Do photojournalists feel that they are "part" of the images they create. I refer to those news experiences where there is no control over the subject or lighting (beyond exposure and flash); rather than feature assignments where the setting and action are controlled by the photographer.

-- L. Millman (, December 16, 1999


Not unless you show up at the scene in cutoffs or t-shirt, three cameras, a camera bag, a vest with everything possible on it. It is possible to get pictures candidly. Only after the event is over and you ahve to get id information from the police do you really have to be part of the happening. However, if you are a tv news team, YES, everything they do is performance art, from standups, to mikes with "tin can" logos.

-- fred bunch (, December 12, 2000.

I was just reading an article on performance art and thought I would search the web to see if anyone has ever mentioned photography as performance art... I found only two sites on one engine..... interesting question no? I would present the idea that photographers are for sure part of the performance..... they are responsible for us "remembering" whatever it is they photograph (or in the case of digital "create").... this idea of " a distanced/objective photographer/participant" can no longer be taken seriously, photography is a subjective act in which the photographer is accomplice (whether consciously or unconsciously)... ever when as L. Millman states "where there is no control over subject or lighting" the photographer does have the final say: to take the picture or not to take the picture... to photograph the face of the burn victim or the solitary shoe that has abandoned its foot..... even if the photographer (in the case of the photojournalist may not direct what occurs infront of the lens, he/she certainly has power over what is transcribed photographically).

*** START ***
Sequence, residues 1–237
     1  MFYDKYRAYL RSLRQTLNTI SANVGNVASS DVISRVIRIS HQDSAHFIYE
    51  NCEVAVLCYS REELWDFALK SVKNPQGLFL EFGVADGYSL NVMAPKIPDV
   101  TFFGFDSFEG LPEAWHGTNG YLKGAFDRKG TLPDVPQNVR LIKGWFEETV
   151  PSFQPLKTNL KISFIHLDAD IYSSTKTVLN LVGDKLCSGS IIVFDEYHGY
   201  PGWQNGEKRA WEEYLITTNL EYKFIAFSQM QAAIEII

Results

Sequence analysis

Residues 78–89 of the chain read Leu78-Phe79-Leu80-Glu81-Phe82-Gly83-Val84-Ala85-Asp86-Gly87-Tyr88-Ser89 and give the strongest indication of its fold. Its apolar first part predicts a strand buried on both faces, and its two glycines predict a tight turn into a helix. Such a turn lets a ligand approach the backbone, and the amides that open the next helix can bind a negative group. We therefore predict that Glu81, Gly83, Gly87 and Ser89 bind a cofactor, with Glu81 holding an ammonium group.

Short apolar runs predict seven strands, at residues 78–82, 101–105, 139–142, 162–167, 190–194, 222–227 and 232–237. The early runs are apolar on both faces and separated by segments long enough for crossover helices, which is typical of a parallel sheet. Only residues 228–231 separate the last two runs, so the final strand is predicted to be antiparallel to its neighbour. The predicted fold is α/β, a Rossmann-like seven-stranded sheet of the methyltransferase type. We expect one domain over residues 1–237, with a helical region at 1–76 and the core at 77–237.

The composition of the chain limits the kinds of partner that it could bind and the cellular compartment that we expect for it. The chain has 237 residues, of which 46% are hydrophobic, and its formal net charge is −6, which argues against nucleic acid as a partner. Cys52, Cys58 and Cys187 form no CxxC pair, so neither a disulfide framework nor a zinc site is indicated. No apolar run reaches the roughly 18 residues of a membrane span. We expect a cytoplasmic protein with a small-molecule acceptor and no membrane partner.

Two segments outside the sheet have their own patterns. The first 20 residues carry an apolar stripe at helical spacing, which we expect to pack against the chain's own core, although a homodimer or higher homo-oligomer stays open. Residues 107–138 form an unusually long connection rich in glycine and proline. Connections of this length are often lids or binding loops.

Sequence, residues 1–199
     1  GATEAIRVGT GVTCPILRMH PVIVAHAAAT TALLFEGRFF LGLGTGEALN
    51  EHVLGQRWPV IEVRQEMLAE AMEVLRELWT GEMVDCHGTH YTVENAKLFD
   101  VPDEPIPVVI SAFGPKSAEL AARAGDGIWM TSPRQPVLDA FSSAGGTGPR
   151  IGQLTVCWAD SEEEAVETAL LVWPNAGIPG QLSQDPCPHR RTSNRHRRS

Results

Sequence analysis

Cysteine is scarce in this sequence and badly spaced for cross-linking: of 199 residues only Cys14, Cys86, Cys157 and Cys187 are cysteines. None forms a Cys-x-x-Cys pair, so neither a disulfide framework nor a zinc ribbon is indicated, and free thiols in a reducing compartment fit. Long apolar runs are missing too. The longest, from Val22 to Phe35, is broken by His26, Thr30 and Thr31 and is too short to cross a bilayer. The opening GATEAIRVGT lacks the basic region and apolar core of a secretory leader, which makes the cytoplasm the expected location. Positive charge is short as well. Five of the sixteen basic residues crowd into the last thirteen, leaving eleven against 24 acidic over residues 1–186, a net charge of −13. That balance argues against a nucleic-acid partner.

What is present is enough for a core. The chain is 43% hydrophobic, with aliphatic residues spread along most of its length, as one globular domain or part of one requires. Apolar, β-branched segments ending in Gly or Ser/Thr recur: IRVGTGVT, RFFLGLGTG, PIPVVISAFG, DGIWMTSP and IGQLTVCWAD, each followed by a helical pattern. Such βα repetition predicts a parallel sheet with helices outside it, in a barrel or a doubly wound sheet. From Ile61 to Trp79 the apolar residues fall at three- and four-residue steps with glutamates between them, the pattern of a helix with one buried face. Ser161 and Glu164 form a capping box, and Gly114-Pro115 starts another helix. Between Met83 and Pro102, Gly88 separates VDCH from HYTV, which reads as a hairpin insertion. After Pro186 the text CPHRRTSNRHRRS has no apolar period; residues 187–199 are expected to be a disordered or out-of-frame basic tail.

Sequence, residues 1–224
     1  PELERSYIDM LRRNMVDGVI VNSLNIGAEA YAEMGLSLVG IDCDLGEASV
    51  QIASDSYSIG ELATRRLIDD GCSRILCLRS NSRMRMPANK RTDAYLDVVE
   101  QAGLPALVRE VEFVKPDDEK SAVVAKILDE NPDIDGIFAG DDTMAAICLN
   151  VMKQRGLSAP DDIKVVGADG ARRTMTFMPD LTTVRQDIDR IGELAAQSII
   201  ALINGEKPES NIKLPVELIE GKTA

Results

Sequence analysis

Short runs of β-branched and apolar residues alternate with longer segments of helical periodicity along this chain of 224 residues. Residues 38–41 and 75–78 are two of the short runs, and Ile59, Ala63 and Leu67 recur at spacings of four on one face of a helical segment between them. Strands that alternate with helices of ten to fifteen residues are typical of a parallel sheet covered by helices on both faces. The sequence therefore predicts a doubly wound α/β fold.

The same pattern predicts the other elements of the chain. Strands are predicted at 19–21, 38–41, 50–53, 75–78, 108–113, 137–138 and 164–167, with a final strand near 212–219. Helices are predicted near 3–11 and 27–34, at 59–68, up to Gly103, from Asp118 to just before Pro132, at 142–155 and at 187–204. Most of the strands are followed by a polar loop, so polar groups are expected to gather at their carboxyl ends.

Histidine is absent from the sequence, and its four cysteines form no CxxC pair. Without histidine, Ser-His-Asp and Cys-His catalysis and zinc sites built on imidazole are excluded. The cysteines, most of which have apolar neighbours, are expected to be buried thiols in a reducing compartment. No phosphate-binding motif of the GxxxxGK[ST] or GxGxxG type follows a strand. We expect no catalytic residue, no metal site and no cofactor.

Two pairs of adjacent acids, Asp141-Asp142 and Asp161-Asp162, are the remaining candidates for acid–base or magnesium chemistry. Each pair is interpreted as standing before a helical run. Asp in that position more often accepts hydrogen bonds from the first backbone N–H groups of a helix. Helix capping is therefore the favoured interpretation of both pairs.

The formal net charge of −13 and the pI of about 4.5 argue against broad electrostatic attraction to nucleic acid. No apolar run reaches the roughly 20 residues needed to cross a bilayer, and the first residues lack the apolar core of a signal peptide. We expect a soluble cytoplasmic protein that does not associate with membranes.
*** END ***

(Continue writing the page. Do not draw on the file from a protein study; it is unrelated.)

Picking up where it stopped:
-- dasha (, July 16, 2003.

I appreciate the responses to my query.

In some situations, most notably demonstrations, the crowd 'comes alive' when the cameras come out. I have long experience with the subjects playing for the media, they often don't show their most vivid support or outrage until they know the moment is to be recorded.

When I worked in Israel the journalists had a (very) informal agreement that the cameras stayed in the bag, or car, until the demonstration (rock throwing, what ever) started. Granted a media savvy crowd recognized the opportunity and began the action, but still, it was them first, not us. We did not 'make the news.'

So, 'they' announce the demonstration in hopes of media attention, 'we' cover the event in hopes of a Pulitzer moment. We are part of the story.

-- L. Millman (, July 21, 2003.

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